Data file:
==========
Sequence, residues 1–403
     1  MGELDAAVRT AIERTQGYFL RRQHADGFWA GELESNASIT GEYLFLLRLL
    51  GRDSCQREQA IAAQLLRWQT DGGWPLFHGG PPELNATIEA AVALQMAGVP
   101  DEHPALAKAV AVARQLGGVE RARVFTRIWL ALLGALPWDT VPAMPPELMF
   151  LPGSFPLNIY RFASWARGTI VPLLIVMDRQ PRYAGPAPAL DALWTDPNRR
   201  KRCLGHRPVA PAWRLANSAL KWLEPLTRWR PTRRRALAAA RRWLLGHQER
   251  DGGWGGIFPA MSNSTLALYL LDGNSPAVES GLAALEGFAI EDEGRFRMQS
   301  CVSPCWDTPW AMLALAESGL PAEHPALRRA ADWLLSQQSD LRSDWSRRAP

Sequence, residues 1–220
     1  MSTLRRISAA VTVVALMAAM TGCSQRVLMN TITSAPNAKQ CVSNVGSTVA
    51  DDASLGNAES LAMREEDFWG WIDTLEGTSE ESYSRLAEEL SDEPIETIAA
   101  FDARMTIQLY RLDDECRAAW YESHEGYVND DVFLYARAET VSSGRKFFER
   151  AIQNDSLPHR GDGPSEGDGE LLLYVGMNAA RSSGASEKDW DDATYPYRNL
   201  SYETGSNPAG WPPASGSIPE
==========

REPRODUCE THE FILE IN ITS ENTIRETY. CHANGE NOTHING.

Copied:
Sequence, residues 1–403
     1  MGELDAAVRT AIERTQGYFL RRQHADGFWA GELESNASIT GEYLFLLRLL
    51  GRDSCQREQA IAAQLLRWQT DGGWPLFHGG PPELNATIEA AVALQMAGVP
   101  DEHPALAKAV AVARQLGGVE RARVFTRIWL ALLGALPWDT VPAMPPELMF
   151  LPGSFPLNIY RFASWARGTI VPLLIVMDRQ PRYAGPAPAL DALWTDPNRR
   201  KRCLGHRPVA PAWRLANSAL KWLEPLTRWR PTRRRALAAA RRWLLGHQER
   251  DGGWGGIFPA MSNSTLALYL LDGNSPAVES GLAALEGFAI EDEGRFRMQS
   301  CVSPCWDTPW AMLALAESGL PAEHPALRRA ADWLLSQQSD LRSDWSRRAP

Sequence, residues 1–220
     1  MSTLRRISAA VTVVALMAAM TGCSQRVLMN TITSAPNAKQ CVSNVGSTVA
    51  DDASLGNAES LAMREEDFWG WIDTLEGTSE ESYSRLAEEL SDEPIETIAA
   101  FDARMTIQLY RLDDECRAAW YESHEGYVND DVFLYARAET VSSGRKFFER
   151  AIQNDSLPHR GDGPSEGDGE LLLYVGMNAA RSSGASEKDW DDATYPYRNL
   201  SYETGSNPAG WPPASGSIPE